At long last, one of the many 8-megapixel cameras to be announced in the past few months has made its way to a US carrier. But megapixel count isn’t all that matters here by a long shot – does the $249 Memoir carry itself well enough across the board to come at such a price? And, as I’d imagine most people reading this review are wondering: can it replace my traditional point-and-shoot camera? No, it probably can’t. But more on that later.
Like many Samsung phones released as of late, the Memoir runs TouchWiz. TouchWiz is a user interface developed by Samsung, which comes in at least three distinguishable forms: TouchWiz on top of Windows Mobile (a la the Samsung Omnia), TouchWiz on top of S60v5 (see the OmniaHD), and TouchWiz.. by itself, on top of Samsung’s own operating system. The Memoir is the latter, and that may be its biggest pitfall.
Nothing’s wrong with plain TouchWiz – it’s intuitive, it’s easy on the eyes – but we’re not sure it needs to exist. It’s this awkward middle ground between a feature phone’s crap OS and a smart phone’s full-fledged one. What you see is what you get – there is no expansion. It does a good amount, but it does it as a feature phone would. Take email for example: it’ll do it, but it uses a rather archaic feeling Java-based email client which only supports the services it already knows (AOL, Yahoo, Gmail, etc) – no POP or IMAP.
If you’re looking for a pit stop between a dumb phone and a smart phone, the TouchWiz interface will meet your needs – but if you’re looking for a smart phone, it falls short.
TouchWiz’s key selling point are its widgets, which come out in full force on the Memoir. Some of them (Weather, Photos, Bluetooth toggle, Voice recognition) are quite handy and well made, while others (Browser, Search, Telenav) are just shortcuts to applications on the phone.
The Memoir is a nice solid handset, and feels good in the hand and in the pocket. It’s also a fairly nice looking handset, if you don’t mind the thickness. The camera lens adds a good bit of heft to the overall package, so know that it is a bit of a tubber.
I’m usually not a fan of resistive touchscreens, and while the Memoir doesn’t completely convert me, it does do a fairly good job of showing me they’re not all bad. Once you fall back into the habit of pressing a bit harder and ignoring the friction on your finger whilst dragging things to and fro, it’s perfectly accurate and responsive – but it still feels funny.
Unfortunately, there’s no 3.5 mm headset jack. Sorry, Samsung – it’s 2009, requiring a dongle to plug in my own ear buds is no longer acceptable. If a dongle is required, you might as well strip out all of the media features; after the first week the dongle will have slipped away onto the subway floor or fallen beneath the driver’s seat to be forgotten, rendering the media stuff practically useless.
The accelerometer is nice and hasty – while typing texts, the device will switch orientations in about half a second. No cheezy fade in/fade out transition is required here to make the switch seem faster.
Yet another place where TouchWiz seems stuck in some unnecessary middle ground. Samsung’s browser is better than that of most feature phones, but falls short of everything we’d expect of a touchscreen browser. Pages render strangely more often than not, and the user interface takes up at least 30% of the screen real estate.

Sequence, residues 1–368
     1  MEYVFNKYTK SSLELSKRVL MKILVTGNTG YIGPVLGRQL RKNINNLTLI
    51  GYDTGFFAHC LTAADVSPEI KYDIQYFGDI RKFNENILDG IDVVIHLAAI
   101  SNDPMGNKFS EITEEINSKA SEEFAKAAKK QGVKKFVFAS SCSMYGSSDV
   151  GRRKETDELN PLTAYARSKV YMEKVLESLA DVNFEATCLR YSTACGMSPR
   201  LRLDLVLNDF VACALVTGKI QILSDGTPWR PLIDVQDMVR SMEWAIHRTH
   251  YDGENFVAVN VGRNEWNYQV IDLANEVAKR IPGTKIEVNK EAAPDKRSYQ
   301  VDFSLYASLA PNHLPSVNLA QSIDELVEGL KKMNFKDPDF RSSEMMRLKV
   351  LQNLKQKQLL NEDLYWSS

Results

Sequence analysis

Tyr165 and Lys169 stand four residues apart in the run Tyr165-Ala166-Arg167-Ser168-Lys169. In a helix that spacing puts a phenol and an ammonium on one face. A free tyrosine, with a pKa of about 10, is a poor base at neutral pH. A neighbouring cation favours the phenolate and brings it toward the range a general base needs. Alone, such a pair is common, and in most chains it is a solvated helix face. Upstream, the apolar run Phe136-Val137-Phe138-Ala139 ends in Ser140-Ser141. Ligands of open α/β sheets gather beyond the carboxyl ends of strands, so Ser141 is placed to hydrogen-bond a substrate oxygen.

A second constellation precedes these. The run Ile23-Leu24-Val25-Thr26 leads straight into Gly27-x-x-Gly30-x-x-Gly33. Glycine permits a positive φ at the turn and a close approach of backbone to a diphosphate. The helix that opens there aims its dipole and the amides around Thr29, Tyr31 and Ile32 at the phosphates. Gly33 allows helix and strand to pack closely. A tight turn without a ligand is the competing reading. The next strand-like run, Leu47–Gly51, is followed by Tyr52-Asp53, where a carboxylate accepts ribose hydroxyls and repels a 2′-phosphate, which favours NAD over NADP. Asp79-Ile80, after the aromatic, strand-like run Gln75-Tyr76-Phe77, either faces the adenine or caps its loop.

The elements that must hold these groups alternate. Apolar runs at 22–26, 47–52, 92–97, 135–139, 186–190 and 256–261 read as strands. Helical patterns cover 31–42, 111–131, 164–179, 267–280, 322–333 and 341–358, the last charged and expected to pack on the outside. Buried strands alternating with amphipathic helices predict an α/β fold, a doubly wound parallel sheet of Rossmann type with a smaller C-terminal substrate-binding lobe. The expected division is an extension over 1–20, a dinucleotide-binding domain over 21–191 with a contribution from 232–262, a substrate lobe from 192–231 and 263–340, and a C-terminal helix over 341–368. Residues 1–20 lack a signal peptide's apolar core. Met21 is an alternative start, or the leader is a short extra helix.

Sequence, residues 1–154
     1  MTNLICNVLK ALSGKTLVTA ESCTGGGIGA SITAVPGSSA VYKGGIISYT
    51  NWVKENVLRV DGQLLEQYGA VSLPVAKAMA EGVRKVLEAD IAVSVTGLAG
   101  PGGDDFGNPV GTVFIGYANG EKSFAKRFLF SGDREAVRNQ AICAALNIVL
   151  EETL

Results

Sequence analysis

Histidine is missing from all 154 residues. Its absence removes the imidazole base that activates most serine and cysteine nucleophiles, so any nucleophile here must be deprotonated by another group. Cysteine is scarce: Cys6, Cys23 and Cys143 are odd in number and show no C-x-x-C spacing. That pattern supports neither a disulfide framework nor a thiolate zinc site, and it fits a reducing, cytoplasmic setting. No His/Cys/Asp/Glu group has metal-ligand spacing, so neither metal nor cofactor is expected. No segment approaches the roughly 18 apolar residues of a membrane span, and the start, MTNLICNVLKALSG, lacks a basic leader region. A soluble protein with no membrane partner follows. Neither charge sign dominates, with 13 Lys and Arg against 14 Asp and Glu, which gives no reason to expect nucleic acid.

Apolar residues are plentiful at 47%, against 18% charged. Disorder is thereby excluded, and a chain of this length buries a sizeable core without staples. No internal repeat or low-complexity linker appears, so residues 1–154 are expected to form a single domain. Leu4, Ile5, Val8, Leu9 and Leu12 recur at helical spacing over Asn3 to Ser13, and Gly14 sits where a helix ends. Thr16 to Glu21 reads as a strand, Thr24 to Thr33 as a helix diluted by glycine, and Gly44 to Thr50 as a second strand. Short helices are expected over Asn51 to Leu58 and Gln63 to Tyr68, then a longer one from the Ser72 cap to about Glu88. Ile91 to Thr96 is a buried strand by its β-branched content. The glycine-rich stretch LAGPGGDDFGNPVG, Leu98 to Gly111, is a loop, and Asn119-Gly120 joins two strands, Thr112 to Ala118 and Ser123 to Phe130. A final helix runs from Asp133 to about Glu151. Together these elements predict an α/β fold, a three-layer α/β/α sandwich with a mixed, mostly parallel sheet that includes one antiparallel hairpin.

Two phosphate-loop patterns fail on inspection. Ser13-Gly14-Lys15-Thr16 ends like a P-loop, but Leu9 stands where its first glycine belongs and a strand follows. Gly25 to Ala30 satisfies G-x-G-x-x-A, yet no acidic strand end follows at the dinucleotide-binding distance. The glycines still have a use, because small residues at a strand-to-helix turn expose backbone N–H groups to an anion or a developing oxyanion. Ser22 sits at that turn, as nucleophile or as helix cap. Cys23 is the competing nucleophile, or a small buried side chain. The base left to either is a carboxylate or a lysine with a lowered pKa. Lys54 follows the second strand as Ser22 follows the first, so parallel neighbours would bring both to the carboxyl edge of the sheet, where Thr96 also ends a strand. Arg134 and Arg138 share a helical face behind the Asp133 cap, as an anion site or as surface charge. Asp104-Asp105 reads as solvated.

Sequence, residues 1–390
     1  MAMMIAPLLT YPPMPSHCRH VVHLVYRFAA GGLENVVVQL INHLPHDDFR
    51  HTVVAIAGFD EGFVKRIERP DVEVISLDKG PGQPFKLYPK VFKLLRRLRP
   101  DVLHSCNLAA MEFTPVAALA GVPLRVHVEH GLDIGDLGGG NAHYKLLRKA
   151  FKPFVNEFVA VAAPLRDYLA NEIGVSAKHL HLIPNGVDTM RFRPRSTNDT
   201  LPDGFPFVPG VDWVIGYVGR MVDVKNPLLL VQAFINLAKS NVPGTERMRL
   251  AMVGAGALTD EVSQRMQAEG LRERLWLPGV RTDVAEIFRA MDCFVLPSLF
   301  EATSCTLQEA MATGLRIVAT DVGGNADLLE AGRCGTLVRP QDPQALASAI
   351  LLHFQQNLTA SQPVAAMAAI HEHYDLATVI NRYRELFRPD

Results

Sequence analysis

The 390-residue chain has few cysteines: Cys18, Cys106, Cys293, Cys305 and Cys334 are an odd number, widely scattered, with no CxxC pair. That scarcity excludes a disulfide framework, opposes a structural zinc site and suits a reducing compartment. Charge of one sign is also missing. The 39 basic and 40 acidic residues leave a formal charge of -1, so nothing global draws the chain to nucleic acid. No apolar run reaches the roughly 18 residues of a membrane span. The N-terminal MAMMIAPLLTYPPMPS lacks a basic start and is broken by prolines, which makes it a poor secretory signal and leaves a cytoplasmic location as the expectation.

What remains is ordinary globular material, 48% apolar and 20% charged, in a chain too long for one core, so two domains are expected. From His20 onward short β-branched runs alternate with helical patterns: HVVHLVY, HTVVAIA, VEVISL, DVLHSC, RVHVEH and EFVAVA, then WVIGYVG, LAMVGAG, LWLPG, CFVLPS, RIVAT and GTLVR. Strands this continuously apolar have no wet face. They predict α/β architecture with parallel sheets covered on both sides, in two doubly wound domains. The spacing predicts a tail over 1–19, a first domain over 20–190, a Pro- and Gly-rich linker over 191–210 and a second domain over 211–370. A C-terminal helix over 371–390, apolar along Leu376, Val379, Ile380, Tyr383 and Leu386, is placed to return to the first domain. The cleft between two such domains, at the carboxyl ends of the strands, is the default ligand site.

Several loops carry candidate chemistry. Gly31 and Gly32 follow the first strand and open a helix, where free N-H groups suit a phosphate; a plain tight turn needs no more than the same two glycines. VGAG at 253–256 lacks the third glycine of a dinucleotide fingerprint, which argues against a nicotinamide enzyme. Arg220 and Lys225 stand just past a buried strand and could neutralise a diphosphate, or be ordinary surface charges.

The Memoir’s lack of WiFi is especially noticeable in the browser – even more so if you don’t live in an area where T-Mobile has rolled out 3G which, for the time being, is fairly probable. T-Mobile’s 3G network is growing regularly, but until it hits a level of reach on par with the networks of competing carriers, every phone they sell intended to be used for browsing needs WiFi.
As the first 8-megapixel camera phone to hit the US shores by way of a carrier, the camera is obviously a big selling point here. For a camera phone, it’s a damned decent camera – but it won’t replace your traditional point-and-shoot which, with the $249 price tag (after rebates and contact), many will expect it to.
Noise isn’t especially bad in either high or low light shots – but it’s noticeable in both. Low light shots are very muddled. Therein lies the glaring flaw in touting megapixels as the sole indicator of a camera’s worth; the pictures the Memoir takes are plenty big (resolution wise) – but aren’t particularly amazing looking outside of brightly lit environments. Now, the photo quality is still better than the very, very vast majority of camera phones – by leaps and bounds, in fact – but it’s still a camera phone.
All that said, the camera interface is dead simple – probably one of the best we’ve seen on a cameraphone thus far.
Photo Quality Samples:
Clockwise from top left : Fluorescent lighting (Auto White Balance), Fluorescent lighting (White balance set to Fluorescent), High light, Low light. Click each image for the full res version.
Video Quality Sample here. Recorded at 320×240 (Max res is 720×480), Auto white balance, Highest video quality setting.
The bottom line:
The Memoir suffers from a bit of an identity crisis. It’s not a feature phone, but it’s not a smartphone. Perhaps a market for such a middle-of-the-road phone exists – but we’ve yet to see it.
The biggest selling point here is the 8-megapixel camera, which just doesn’t justify the $249 price tag to us in a world filled with far more capable phones coming in at $199 or less. If they’d strapped Android, S60v5, or Windows Mobile on this thing, we’d recommend it in a heart beat – but being that it’s just plain TouchWiz, we’re not too sure. It does a whole lot, but it doesn’t do much of it well.